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“Don’t be the reason a police officer turns up on your parents’ doorstep with tragic news.”
That’s the stark warning from a mum who has teamed up with firefighters to encourage people to think before they drink alcohol near water following the death of her teenage son, who drowned in the Thames after a night out.
Andrea Corrie is supporting London Fire Brigade’s campaign to raise awareness of water safety this summer in memory of her son James Clark who drowned after a night out in Kingston in 2005.
James had finished his first year at Brighton University where he was studying for a teaching degree and had met up with some college friends for a night out. At the end of the night, they separated to get taxis in different directions and neither group realised James wasn’t with the others.
His body was found three days later near Kingston Bridge. He was 19.
Since then, Andrea has campaigned to make riversides safer and has now joined up with the Brigade to support their water safety work. The Brigade is aiming to raise awareness of what people should do if they spot someone in the water and is highlighting the dangers of water, particularly when it comes to alcohol.
Last year, 30 people died in the River Thames and around a quarter of them had alcohol in their system. For every one person that drowns, eight people are left with life-changing injuries such as respiratory problems.
Andrea said: “James had said to me that evening not to worry if he didn’t come back which wasn’t unusual as he often stayed with friends, so I wasn’t concerned he wasn’t home the following morning.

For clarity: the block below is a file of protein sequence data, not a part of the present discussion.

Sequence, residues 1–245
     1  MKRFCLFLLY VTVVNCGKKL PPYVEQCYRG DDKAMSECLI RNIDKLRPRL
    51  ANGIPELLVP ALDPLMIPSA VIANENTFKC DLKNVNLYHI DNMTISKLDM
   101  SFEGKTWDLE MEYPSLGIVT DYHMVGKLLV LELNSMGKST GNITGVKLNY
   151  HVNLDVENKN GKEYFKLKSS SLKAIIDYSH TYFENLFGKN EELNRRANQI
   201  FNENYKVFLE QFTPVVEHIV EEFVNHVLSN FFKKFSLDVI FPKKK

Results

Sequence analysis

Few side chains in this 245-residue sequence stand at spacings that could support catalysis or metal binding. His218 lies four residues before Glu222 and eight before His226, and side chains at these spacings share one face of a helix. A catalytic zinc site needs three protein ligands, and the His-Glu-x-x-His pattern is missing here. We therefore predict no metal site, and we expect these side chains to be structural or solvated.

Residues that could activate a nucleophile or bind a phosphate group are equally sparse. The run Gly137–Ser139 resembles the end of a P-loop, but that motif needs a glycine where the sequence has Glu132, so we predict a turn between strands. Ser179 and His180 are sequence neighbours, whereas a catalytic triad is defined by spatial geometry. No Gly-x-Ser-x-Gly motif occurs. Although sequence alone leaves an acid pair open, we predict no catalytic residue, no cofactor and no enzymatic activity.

“I started to feel worried later in the day when he hadn’t appeared and he hadn’t replied to a message from me. Then a friend of his phoned and asked if I had seen or heard from him because none of them could get hold of him, and my heart just sank. I had an instinctive feeling that the worst had happened.”
After the accident, Mrs Corrie visited Kingston and could see how easily the tragedy happened, with a large drop from the path to the water and no barriers or safety measures in place.
Be aware of the risks and look out for others
She worked with Kingston Council over a three year period and the results include the installation of safety barriers along stretches of the water and liaison with local businesses to undertake water safety training. The council arranged for better CCTV, improved lighting and life-saving equipment, and more robust methods of incident reporting.
She also campaigns tirelessly around water safety, and is working with the Brigade to get the message across to people how important it is to keep safe by the water.
Andrea added: “How would you feel if you imagined your parents opening the door to a police officer to tell them you’ve drowned? It’s the worst thing that can ever possibly happen to you as a parent.
“It’s not about being a killjoy and trying to stop people having fun – it’s about raising awareness about how quickly life can change. Think about the situation you are in and what the worst thing is that could happen and just hold it in your mind for a few moments to give you that awareness this summer.
“If having the awareness out there about the dangers makes another person decide to take a bit of extra care, perhaps not have that last drink, and be less cavalier with their safety, it will be worth it.”
The Brigade’s top water safety tips: